areas, and of other Chinook populations known to be important in the
    diets of Southern Residents."

    For the next 25 years!!!!

    " Because Southern Resident recovery is expected to take longer than one generation (25 years), reviews of the recommended
    management measures are unlikely to confirm the likelihood of recovery if conducted more
    frequently than once every five years."

    The first thing I plan to do today is to write to each individual "Petitioner" and try to explain a balance approach is needed and get clarification on their stances. This effects us all but will have the greatest impact on those that fish these areas!!!

    "These areas include the Southwestern shoreline of Vancouver Island
    through Juan de Fuca, extending westward to Pachena Bay; Boundary Pass to southwest North
    Pender Island and to East Point on Saturna Island; and approaches to the Fraser River (Figure 5)."

    Not only do they want to stop Chinook fishing in these areas but they also want to stop all hook and line fishing!!!!!!

    "DFO may deem it preferable to extend the restrictions in the refuges to prohibit not only salmon
    fishing but all hook and line fisheries
    , in order to support enforcement and to increase confidence
    that disturbance is adequately reduced."
  14. Whole in the Water

    Whole in the Water Well-Known Member

    [QUOTE/] "So what's left? Mount a media blitz to halt recreational fishing! Convince people who know no better, but are well intentioned, that this will "save the whales". Doesn't matter that it's BS, it's an easy group to attack and blame, a group that can't or won't punch back. The government knows this as well and will no doubt fall in line because it's the path of least resistance."[/QUOTE]

    An accurate description of what has happened in the rec sector in the past and will happen again if we just talk and postulate how bad things good get regarding this serious situation.

    What can we do? We do what the eco groups and other sectors do - we unite and get organized and push back and no longer act link the weakest sector that is easy to push around.

    How do we do this? Support an existing group with some volunteer time and/or paid membership/donations, etc.. Any lobbying group needs people and money to effectively lobby - time to put our money where our mouths are!

    Join an existing group like :
    SVIAC: -
    Local SFAC:
    Don't like these groups then form you own.

    Time to get active and exercise our free speech rights - write letters to our MP's, DFO, Fisheries Minister, Prime Minister tell them why this is wrong. Let's talk/write to our local city councils, mayors, chamber of commerce, tourism assoc, business assoc, etc., tell them that restrictions and closures are not a solution and how much closures are going to hurt local businesses, tourism and the local economy.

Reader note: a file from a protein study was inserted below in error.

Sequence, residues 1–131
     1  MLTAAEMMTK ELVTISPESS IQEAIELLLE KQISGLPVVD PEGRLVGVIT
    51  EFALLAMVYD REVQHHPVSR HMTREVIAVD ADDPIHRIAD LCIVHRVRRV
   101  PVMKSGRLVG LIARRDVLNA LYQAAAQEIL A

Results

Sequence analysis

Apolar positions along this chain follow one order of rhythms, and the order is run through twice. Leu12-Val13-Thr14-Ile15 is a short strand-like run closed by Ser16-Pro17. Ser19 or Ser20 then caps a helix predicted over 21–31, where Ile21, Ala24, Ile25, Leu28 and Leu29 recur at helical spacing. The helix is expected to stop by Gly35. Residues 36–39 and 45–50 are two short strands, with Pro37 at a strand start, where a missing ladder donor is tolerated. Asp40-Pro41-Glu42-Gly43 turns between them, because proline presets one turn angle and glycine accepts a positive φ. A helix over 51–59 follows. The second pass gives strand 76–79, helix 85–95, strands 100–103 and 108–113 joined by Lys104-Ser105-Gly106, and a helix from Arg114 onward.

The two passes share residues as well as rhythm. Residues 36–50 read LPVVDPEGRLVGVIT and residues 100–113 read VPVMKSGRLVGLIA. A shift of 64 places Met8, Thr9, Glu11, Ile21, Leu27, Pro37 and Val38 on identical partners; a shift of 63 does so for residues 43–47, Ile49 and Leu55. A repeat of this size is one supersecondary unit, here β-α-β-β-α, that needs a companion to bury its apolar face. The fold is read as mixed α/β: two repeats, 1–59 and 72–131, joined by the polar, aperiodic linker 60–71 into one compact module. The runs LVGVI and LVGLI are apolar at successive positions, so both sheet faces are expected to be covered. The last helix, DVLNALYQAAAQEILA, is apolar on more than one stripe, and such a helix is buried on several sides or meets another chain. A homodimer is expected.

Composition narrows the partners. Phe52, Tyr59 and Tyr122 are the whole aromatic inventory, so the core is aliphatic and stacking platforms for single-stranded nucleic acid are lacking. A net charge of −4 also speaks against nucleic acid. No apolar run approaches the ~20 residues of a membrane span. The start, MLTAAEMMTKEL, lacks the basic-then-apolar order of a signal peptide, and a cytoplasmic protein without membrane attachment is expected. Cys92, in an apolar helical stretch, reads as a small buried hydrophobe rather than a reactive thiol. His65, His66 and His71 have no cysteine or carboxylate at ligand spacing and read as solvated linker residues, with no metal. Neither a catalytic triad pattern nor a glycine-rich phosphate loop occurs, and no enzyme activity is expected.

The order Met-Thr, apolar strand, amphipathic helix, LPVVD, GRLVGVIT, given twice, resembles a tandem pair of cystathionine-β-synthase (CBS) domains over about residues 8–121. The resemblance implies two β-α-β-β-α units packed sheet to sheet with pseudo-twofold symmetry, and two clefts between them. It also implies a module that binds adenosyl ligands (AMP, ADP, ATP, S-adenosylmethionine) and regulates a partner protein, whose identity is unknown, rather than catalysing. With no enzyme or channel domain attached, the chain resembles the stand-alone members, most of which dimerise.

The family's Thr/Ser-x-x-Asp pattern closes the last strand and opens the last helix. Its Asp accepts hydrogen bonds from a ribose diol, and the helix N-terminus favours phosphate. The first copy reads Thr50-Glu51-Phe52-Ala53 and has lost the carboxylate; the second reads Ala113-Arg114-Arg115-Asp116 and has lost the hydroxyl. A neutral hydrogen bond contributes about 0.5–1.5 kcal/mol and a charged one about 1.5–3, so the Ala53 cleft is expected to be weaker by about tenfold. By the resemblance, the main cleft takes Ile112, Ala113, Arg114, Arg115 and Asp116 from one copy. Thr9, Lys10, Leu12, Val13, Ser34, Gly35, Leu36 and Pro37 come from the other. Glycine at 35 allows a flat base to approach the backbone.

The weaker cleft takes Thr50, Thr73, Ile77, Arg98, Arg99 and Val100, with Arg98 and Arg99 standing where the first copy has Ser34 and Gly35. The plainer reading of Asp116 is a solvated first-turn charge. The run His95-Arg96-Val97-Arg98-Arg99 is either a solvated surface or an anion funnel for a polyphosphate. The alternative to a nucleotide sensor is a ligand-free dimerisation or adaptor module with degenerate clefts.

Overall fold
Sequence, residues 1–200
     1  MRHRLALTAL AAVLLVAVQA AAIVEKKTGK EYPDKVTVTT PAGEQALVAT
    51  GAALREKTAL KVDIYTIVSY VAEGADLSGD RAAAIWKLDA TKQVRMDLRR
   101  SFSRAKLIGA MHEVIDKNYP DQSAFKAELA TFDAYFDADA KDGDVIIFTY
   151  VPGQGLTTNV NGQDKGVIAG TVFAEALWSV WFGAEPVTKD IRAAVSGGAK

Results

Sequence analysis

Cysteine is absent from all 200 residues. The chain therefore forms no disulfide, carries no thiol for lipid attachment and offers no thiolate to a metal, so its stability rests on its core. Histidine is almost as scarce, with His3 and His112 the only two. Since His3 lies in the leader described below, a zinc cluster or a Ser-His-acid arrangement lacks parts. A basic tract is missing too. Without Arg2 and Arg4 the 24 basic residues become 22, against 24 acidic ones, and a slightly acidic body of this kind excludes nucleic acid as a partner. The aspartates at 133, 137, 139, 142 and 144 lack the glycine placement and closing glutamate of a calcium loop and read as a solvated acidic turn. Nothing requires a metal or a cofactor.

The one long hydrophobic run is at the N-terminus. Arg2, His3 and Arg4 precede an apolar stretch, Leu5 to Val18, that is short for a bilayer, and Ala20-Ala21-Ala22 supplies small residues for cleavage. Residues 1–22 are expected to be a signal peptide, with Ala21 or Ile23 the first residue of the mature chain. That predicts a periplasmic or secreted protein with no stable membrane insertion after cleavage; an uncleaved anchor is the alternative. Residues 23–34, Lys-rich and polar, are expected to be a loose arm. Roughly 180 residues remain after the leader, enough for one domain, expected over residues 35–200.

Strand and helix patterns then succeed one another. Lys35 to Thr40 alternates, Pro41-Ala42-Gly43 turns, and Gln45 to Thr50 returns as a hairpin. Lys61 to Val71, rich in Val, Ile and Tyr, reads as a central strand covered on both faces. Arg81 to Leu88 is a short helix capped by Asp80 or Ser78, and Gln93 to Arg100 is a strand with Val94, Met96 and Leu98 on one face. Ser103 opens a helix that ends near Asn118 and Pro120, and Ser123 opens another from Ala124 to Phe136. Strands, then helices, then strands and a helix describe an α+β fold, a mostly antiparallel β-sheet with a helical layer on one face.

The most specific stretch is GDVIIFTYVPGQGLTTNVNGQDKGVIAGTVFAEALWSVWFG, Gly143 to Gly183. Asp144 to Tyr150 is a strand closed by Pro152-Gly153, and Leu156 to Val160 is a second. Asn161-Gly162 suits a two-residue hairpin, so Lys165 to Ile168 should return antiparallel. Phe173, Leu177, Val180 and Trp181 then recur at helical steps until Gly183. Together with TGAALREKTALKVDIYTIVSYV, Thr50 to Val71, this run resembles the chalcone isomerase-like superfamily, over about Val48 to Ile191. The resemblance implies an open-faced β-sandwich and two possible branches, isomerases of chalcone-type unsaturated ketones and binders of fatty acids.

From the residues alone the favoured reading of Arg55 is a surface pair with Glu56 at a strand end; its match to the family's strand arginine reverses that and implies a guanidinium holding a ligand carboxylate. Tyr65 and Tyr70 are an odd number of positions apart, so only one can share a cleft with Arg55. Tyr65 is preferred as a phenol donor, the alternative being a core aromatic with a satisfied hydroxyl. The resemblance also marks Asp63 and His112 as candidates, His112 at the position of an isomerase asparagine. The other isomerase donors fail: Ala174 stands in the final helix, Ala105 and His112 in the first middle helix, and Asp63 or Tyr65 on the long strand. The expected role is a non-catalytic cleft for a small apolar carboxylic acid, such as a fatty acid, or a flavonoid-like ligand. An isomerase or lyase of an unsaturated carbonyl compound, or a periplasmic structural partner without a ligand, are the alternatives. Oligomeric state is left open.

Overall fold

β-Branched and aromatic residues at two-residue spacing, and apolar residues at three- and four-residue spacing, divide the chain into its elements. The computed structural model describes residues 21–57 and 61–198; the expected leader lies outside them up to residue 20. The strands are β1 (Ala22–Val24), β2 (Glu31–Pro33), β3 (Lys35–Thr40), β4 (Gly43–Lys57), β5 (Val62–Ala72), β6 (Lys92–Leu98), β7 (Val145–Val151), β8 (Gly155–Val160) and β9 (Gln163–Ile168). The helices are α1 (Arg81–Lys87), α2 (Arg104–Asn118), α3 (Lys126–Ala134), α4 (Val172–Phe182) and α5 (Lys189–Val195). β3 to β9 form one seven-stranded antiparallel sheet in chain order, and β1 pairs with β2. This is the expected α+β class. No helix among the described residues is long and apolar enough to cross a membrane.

I say the time for the rec sector to continue to just talk and end up getting the shaft again is over - the time to put actions to our words is now!
    Last edited: Feb 1, 2018
  15. triplenickel

    triplenickel Well-Known Member

    Reminds me of pretty much everything else these groups oppose. So many on here were lined up right beside them a month ago. Comic gold.
    wildmanyeah likes this.
  16. triplenickel

    triplenickel Well-Known Member

    The same amount they spend on alternatives (or putting their money where their mouths are) to Canadian energy, mining, forestry etc..... I’m happy people are finally figuring it out.

    Edit; they’re not my or your friends, they’re self serving.
    Last edited: Feb 1, 2018
  17. Whole in the Water

    Whole in the Water Well-Known Member

    Waste of time IMO to find fault amongst ourselves, just unproductive negativity. Now is the time to support each other in the rec sector, unite, get organized, pool our resources and lobby our case to the politicians like the other sectors are doing against us.
    Last edited: Feb 1, 2018
    pescador likes this.
  18. california

    california Well-Known Member

    Not Directly related to the thread, but some cool video taken of some whales who I assume are SRKW rubbing on the beach in sechelt a few days ago only feet away from the guy filming it. .
  19. wildmanyeah

    wildmanyeah Well-Known Member

    Not related at all, definitely not SRKW

    SRKW are far to lazy to make there way that far up the inside to look for food.
  20. california

    california Well-Known Member

    Yeah, that's why they are endangered now after hundreds of thousands of years , they became lazy. Really?
    Clint r likes this.